A TD Countdown occurs after a completed Setup. A buy Countdown consists of thirteen price bars whose close is lower than or equal to the low two bars earlier. The corresponding numbers appear below the price bar. Unlike the Setup, a Countdown doesn't have to consist of consecutive days. The Countdown is a bigger pattern than the Setup in that it can take months for a Countdown to form and often signifies a larger market move once the trend changes. Like the Setup, the Countdown also has "perfection" criteria. For a buy Countdown this requires that the low of price bar 13 be less than or equal to the close of price bar 8. Similarly, sell perfections require that the high of price bar 13 be greater than or equal to the close of price bar 8. Figure 3 illustrates how signals have been generated in EUR/USD since June 2003 using Countdowns. The buy signal generated in September '03 and sell signal in February '04 anticipated large market moves which included completed, yet unperfected Setups.
“CONVENTIONAL INDICATORS ARE TYPICALLY TREND FOLLOWERS WHEREAS DEMARK IS DESIGNED SPECIFICALLY TO ANTICIPATE TREND REVERSALS.” TOM DEMARK
The placing of stop loss levels is a crucial component of the Sequential Indicator and they are generated automatically only after the completion of a Countdown. For a buy signal, their level is calculated by identifying the lowest price bar of the entire Countdown (whether numbered or not) and then subtracting the low of that price bar from its high, or the prior price bar's close, whichever is the greater. This value is in turn subtracted from the low of that same price bar and the critical stop loss level is established. The stop loss is only executed when there is a close above the stop loss level followed by a close below it. The next price bar must also open below the stop loss TD Setup TD Countdown Duration 9 price bars but must also have a low that is below its open. Magnus concludes, "There is some debate as to what close should be used in determining the stop loss level as this can have some impact on overall profits and losses. In my view, the London rather than the New York close is more valid because of the greater liquidity in the London market, at least as far as foreign exchange is concerned.”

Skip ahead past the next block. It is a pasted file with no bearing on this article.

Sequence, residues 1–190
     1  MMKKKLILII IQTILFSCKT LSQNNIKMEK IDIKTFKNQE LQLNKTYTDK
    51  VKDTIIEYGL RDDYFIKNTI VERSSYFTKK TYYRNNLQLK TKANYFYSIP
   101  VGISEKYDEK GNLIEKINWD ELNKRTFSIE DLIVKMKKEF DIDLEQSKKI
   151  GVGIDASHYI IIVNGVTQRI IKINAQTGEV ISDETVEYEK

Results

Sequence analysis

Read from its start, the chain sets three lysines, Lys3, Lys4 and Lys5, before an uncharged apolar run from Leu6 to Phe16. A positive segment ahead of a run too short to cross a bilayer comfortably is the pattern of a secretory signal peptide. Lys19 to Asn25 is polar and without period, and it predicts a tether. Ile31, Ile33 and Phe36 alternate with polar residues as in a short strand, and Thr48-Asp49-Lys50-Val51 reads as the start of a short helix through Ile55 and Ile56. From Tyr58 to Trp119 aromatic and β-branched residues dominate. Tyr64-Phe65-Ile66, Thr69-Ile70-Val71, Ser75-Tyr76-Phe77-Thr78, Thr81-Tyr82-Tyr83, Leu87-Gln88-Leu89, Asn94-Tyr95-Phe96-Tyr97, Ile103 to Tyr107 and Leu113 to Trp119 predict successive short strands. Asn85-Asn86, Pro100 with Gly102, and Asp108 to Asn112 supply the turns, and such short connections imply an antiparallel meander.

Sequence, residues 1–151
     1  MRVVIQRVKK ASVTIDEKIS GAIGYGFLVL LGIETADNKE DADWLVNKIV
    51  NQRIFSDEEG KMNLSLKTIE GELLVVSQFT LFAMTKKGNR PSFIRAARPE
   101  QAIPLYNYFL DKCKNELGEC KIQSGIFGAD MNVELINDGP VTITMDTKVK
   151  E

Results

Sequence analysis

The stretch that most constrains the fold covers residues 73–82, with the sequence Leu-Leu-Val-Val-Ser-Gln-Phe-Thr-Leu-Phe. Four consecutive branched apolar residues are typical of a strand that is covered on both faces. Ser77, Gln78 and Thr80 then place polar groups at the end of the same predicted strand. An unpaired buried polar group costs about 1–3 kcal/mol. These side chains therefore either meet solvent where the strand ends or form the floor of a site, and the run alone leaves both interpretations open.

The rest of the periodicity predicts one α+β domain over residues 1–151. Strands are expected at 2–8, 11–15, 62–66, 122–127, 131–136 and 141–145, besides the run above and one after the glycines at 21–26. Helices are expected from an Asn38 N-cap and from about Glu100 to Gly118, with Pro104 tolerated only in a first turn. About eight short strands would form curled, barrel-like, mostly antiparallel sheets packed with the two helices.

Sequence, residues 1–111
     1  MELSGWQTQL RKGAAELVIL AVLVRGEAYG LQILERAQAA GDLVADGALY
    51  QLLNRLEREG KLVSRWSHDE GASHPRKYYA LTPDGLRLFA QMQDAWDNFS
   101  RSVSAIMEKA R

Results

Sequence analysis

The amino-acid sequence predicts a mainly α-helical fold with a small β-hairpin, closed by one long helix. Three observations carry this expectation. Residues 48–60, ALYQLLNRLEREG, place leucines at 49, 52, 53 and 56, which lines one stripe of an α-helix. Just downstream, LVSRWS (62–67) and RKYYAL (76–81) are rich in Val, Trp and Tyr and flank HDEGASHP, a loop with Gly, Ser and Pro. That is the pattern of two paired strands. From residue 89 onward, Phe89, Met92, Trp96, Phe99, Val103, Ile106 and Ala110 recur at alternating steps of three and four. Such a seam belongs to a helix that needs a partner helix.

“IN MY EXPERIENCE, THE TD SEQUENTIAL INDICATOR IS MORE THAN 70% RELIABLE; IT IS CLOSER TO 90%.” KURT MAGNUS, WESTPAC
Including the Sequential Indicator, there are 17 TD indicators in total. Tom Demark told The Technical Analyst, "The DeMark indicators are proprietary market timing tools that are really only available to professional investors. These indicators are not to be confused with conventional technical analysis that relies more upon subjective interpretation of price charts. Rather, they are quantitatively derived and grounded in market psychology and are totally objective. Many traders, even if they are fundamentalists, rely upon the indicators to time their trading decisions. Conventional indicators are typically trend followers whereas DeMark is designed specifically to anticipate trend reversals.”
Tom DeMark is president of Market Studies and has been involved in the investment industry for over 30 years. He has served as a consultant to the Soros Group, JP Morgan, Citicorp and Goldman Sachs among others. In the 1980s he was executive vice president of hedge fund Tudor and for the past eight years has been a special consultant and partner to SAC Capital. http://www.tomdemark.com/